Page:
Most recently on Nihalani’s watch, Entourage, an insider comedy about Hollywood’s bizarre workings, was released in India with an Adults certificate but without some of the swear words and nudity that would be par for the course in a movie about the American movie industry. Nudity is still a no-no in Indian cinema, but words, however strong, have been permitted in films meant for audiences that are old enough to vote, drive and marry. Not any more.

Hollywood studios are already killing scheduled releases that will not pass the CBFC’s vigilantism. Movies with themes considered Western, decadent and abhorrent to Indian cultural values are the first to go, leaving us with undemanding tentpole films featuring computer-generated animals and latex-clad superheroes. Fifty Shades of Grey, the blockbuster BDSM romance based on EL James’s popular novels, didn’t pass the CBFC’s test. Nor did the sequel to the stripper movie Magic Mike. Featuring Channing Tatum as a burlesque artist, Magic Mike didn’t come to India, and the release of the suggestively titled Magic Mike XXL was shelved after members of the CBFC objected to its very premise.

No smoking, and soon no objectionable thoughts?

Due to the volume of films released across languages every week and the perennial shortage of censors ‒ people from a variety of walks of life appointed by the government to represent the views of the general public ‒ the CBFC’s decisions have never been consistent or easily predictable. The average film distributor’s requirement for a screening certificate that allows for maximum box office business is one of the most important factors influencing movie content. Pre-censorship is rampant in the film trade, initiated by directors, producers and distributors at various levels of the production process to ensure that risks are kept at a manageable low.

Even in the strictest of times, a fair amount of sexual suggestiveness and profanity have crept in, and Indian society is none the worse for it. The difference this time is Nihalani’s reported deep involvement in censoring of films submitted for certification at the Mumbai office out of which he operates. Other CBFC board members have sniped against Nihalani’s alleged autocratic working style on and off the record, but since he seems to have the full backing of the Information and Broadcasting Ministry that appointed him, their efforts have been futile. Nihalani’s appointment was widely perceived as a reward for his strenuous campaigning for Prime Minister Narendra Modi in the 2014 general election, and any campaign to dislodge him will have to acknowledge the clout he seems to enjoy at the highest levels of office.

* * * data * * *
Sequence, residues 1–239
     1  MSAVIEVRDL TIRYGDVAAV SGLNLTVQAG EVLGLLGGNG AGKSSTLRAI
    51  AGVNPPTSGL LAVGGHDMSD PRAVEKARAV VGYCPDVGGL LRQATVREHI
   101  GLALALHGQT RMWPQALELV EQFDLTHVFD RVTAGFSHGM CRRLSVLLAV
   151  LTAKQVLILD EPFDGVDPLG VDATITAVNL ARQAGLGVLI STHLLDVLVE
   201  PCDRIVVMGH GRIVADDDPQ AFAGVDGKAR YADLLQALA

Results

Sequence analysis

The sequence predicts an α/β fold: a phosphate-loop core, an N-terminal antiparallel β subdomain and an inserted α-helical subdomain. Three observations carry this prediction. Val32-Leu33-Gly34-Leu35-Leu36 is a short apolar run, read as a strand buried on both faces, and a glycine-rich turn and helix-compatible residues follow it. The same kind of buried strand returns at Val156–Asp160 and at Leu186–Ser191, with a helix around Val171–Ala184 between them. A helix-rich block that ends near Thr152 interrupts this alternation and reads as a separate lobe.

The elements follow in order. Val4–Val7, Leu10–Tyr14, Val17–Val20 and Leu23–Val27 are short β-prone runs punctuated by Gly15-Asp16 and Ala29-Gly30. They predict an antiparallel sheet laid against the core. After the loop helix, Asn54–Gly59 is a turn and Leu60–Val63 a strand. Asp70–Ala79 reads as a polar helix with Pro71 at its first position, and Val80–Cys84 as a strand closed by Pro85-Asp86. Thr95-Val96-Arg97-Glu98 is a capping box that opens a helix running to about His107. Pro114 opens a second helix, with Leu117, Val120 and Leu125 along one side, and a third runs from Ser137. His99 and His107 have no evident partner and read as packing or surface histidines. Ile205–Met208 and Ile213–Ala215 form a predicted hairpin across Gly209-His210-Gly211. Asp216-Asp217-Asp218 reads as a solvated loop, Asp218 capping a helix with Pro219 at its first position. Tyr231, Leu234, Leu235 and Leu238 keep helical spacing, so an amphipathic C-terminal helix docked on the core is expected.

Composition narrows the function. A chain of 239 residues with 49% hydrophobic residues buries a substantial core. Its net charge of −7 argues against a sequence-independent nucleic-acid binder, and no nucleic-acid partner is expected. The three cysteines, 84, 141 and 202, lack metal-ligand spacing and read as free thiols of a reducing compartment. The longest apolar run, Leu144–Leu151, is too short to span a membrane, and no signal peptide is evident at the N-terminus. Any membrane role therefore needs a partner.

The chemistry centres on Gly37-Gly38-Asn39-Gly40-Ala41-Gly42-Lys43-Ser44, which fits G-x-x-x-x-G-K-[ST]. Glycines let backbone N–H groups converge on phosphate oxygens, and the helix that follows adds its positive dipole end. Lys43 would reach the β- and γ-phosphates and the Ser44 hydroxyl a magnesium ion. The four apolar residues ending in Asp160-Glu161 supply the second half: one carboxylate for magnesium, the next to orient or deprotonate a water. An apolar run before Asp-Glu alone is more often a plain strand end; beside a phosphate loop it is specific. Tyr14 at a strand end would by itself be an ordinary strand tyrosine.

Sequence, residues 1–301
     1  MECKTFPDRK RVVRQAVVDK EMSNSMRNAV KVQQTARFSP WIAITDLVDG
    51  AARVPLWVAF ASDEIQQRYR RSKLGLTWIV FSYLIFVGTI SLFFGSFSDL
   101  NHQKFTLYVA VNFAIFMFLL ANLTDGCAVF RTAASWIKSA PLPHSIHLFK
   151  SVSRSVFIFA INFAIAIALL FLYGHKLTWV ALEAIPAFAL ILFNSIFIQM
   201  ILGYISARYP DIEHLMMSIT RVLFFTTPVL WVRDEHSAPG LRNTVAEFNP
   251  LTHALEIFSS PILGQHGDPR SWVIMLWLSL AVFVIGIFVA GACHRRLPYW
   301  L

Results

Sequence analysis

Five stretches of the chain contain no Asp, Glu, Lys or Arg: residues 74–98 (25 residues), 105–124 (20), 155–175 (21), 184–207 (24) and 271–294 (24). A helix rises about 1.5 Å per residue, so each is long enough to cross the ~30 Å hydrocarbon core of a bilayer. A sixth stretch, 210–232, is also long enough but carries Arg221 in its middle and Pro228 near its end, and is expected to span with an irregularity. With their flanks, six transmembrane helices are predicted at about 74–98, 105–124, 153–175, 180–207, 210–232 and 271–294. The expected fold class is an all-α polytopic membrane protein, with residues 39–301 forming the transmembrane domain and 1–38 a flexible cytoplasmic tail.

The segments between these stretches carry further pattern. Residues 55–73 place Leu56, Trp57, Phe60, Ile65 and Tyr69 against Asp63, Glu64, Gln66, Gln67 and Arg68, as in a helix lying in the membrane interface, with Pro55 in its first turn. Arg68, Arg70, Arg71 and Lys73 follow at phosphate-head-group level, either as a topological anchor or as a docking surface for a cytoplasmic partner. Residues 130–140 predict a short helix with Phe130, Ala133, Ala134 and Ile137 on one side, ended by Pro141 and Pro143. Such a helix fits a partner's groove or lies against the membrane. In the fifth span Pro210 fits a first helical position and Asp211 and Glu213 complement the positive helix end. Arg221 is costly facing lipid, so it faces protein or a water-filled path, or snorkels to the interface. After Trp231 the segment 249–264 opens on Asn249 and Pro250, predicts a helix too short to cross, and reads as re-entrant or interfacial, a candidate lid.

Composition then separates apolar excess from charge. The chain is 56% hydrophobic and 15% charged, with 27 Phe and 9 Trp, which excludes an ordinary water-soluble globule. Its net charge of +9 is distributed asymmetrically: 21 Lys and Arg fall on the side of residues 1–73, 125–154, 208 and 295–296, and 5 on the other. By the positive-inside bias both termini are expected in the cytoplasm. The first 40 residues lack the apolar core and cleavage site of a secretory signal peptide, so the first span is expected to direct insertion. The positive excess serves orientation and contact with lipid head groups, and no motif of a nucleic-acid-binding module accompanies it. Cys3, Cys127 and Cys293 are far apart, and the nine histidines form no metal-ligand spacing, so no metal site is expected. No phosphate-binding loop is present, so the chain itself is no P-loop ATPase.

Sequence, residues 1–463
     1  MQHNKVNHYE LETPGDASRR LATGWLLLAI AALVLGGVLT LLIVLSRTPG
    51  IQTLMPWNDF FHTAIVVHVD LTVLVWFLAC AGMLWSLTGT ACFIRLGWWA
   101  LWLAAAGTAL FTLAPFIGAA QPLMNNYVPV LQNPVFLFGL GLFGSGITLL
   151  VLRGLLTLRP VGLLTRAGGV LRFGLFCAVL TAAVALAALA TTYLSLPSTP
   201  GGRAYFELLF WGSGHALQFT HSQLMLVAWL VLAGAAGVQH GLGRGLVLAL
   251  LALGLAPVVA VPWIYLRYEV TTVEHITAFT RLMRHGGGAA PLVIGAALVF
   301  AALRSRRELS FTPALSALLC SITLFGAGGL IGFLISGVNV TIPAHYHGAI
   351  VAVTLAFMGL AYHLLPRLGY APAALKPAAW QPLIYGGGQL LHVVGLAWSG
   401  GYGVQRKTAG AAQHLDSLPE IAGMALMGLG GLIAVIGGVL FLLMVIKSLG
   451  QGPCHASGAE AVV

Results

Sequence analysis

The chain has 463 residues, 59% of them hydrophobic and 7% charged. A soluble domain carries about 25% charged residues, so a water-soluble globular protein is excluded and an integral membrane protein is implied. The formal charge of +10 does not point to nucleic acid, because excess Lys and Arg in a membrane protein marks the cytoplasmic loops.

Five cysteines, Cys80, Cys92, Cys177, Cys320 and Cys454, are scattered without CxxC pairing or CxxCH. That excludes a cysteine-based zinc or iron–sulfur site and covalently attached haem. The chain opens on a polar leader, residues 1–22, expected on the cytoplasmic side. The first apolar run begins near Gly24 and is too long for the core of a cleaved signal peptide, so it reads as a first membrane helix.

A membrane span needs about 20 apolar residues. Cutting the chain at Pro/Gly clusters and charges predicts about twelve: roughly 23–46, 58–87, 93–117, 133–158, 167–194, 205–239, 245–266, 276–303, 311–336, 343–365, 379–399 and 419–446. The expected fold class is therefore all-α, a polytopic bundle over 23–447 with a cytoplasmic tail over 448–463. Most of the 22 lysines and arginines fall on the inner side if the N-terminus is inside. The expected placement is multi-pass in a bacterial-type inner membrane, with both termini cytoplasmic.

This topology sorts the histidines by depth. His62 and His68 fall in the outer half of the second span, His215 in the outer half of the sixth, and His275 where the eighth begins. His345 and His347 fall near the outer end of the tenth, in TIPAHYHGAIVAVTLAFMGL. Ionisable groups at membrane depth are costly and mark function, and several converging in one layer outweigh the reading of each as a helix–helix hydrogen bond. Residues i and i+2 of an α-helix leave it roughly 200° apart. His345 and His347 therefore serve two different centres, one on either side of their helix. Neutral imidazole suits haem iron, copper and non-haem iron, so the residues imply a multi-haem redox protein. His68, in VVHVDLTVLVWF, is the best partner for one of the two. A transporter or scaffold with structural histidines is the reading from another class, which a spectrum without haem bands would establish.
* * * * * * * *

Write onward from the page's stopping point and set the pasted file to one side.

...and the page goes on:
In any case, Nihalani’s censoriousness chimes perfectly with the current moral climate, where acts and behaviours considered unpalatable by the majority that holds the reign of power are uprooted by law, be it the beef ban in Maharashtra or the continuing refusal to strike down Section 377, which criminalises homosexuality.

Nihalani’s personal contribution to the government’s Swacch Bharat campaign has already resulted in scripts being sanitised or shelved and trailers being launched in the censorship-free web space rather than on television or in the cinemas. The Health Ministry’s strictures on smoking in the movies and its insistence that scenes featuring nicotine or tobacco consumption carry a health advisory has already persuaded filmmakers to excise such moments altogether. The gap between a self-imposed ban on smoking to a larger self-imposed ban on undesirable thoughts is a small and easily navigable one. If a movie with a risky subject or treatment cannot even get a screening certificate, it will not be made in the first place.